Read in June 2012

1. Graceling, by Kristin Cashore
An enjoyable one-night read. Reminded me of the young adult fantasies I loved in middle and high school.

2. True Love: A Practice for Awakening the Heart, by Thich Nhat Hanh
Succinct reflections on mindfulness and love, from a Zen perspective. A beautiful little volume.

3. Pornland: How Porn Has Hijacked Our Sexuality, by Gail Dines
A feminist sociological account of the modern porn industry. She traces its history, beginning with the nude magazines of the fifties, to explain how it came to its current internet-based, multi-billion-dollar form. Her descriptions of the brutality of today's porn  the blatant misogyny and racism, as well as the sexualization of children via "pseudo-child" or "teen" porn  are highly disturbing, but crucial to her discussion of how porn affects its viewers and society at large.

4. Nativity Poems, by Joseph Brodsky
Of the multiple translators who put these poems into English, I certainly prefer the style of some over others (things like how they preserved rhyme and meter, etc.). The poems of his younger Christmases were more compelling and beautiful to me, but I can't remember much else beyond a few passages that glow in my memory.

5. Mastiff, by Tamora Pierce
Not up to her usual standards, e.g. the twist did not work for me, but still enjoyable for nostalgia's sake. Oh, and the romantic interest is too perfect, by which I mean, actually too perfect.

6. There Is Nothing Wrong with You: Going Beyond Self-Hate, by Cheri Huber
Deep and deeply useful, accessible insights. More Zen.

7. The Terrible Girls, by Rebecca Brown
There is an odd flavor to these short stories, at times evocative and profound (re-readable to be sure), at times dry and head-scratching strange. The prose is definitely not the main dish here. And the subtle connections between the stories are genius to me.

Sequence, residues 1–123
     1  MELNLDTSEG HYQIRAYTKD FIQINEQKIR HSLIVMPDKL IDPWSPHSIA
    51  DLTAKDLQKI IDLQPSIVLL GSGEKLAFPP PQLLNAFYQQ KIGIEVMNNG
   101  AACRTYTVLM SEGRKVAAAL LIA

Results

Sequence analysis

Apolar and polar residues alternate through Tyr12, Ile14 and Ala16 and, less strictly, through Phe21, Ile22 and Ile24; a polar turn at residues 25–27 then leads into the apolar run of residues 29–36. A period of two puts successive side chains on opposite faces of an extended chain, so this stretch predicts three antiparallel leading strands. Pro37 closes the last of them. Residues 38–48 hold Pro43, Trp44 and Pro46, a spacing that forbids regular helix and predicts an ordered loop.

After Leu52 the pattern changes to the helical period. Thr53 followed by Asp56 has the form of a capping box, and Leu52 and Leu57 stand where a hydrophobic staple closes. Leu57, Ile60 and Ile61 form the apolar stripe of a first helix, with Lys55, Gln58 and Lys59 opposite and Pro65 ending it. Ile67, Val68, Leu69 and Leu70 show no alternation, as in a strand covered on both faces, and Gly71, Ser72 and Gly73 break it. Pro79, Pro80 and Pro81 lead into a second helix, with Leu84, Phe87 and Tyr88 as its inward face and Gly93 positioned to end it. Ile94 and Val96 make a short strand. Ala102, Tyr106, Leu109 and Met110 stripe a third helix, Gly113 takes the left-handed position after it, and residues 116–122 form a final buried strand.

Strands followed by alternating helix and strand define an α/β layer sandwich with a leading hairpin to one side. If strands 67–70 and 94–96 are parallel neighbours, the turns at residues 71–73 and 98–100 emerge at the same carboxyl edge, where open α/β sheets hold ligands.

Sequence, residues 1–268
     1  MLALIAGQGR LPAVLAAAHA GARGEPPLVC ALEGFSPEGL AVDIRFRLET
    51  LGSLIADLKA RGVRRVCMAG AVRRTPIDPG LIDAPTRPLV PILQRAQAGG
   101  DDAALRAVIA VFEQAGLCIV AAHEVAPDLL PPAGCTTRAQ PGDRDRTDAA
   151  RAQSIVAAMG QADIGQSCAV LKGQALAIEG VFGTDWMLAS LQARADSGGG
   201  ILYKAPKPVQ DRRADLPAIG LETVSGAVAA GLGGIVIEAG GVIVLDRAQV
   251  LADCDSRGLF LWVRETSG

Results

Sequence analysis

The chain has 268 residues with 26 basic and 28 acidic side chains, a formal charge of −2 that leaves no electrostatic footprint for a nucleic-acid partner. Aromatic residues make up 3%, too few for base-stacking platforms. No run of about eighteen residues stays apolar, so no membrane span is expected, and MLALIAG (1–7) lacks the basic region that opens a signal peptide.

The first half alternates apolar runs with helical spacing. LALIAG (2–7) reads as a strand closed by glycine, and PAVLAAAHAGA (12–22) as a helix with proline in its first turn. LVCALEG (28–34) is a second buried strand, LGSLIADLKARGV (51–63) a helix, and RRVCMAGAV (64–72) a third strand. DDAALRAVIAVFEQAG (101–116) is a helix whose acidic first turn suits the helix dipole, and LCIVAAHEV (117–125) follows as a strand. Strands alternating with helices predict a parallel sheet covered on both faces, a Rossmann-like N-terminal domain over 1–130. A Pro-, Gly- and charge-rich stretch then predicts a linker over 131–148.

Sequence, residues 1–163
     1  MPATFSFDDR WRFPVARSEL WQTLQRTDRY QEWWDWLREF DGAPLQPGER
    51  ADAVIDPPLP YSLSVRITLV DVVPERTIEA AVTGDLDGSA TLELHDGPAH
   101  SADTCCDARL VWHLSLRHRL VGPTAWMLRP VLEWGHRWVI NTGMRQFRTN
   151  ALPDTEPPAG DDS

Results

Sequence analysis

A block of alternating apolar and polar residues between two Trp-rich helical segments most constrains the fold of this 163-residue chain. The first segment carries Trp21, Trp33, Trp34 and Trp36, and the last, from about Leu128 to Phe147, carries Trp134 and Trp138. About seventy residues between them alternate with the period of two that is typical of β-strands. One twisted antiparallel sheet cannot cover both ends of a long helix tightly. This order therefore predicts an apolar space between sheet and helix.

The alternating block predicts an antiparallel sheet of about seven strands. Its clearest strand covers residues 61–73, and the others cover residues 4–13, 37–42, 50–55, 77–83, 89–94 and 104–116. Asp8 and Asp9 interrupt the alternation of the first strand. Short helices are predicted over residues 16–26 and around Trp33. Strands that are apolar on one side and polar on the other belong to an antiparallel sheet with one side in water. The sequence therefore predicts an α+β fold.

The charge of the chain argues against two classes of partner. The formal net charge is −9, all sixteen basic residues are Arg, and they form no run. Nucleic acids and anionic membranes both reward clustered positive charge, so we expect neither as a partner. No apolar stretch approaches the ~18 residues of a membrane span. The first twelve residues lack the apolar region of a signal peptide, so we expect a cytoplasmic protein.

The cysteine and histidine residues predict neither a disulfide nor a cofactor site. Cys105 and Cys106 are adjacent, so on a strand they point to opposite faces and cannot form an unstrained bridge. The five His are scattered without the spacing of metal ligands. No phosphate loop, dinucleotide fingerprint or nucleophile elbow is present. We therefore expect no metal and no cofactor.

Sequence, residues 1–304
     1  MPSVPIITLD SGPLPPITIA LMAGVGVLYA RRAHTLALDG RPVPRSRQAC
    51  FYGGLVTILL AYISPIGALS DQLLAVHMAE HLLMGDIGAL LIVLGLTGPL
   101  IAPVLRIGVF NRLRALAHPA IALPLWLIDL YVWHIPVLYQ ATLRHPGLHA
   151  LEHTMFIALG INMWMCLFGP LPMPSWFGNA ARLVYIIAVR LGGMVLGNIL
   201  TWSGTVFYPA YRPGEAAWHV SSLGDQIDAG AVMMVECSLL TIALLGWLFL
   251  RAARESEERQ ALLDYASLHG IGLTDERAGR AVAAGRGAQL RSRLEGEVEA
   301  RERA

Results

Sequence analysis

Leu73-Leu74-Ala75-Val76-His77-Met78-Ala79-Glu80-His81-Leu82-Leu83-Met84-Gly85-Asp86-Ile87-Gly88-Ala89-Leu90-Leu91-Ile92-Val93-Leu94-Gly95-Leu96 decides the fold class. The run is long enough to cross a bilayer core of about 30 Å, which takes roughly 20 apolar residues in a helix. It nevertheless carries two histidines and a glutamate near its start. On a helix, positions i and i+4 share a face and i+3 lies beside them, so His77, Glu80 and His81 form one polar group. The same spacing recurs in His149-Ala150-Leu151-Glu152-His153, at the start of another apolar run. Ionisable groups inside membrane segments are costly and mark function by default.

8. From Housewife to Heretic, by Sonia Johnson
The memoir of a second-wave feminist excommunicated from the LDS church for her pro-ERA activism. She is a likable, engaging narrator; her passion and down-to-earth-ness are infectious and her story is compelling. I'm looking forward to reading her later works.

9. The Hunger Games, by Suzanne Collins
This was a happy complement to the movie, which I very much enjoyed. Another one-night read — just as fast and gripping as I'd heard it was.

10. Translation is a Love Affair, by Jacques Poulin
A small novel, vivid and refreshing to taste. I like the narrator-protagonist a lot. I like the book for its wisdom in what it does not attempt as well as for its success is just being lovely and pleasant.

3 comments:

Jenica 8/14/2012 8:39 AM  

Haha, the actually too perfect love interest. The bane of many a decent story. They've always annoyed me so...

odessa 8/14/2012 10:16 PM  

I haven't read any Tamora Pierce. Which one would you recommend?

Holly 8/15/2012 7:18 PM  

Jenica - I don't think I noticed them as such when I was actually a teenager, ha. But yeah...it's dishonest and I would say it even troubles me, particularly when it's a book with a female protagonist/narrator i.e. more likely to be read by young women. I support high standards and realistic expectations.

odessa - The classic Tamora Pierce is the quartet that begins with Alanna: The First Adventure.. So delicious! I read it when I was eleven, I think, then again when I was nineteen.

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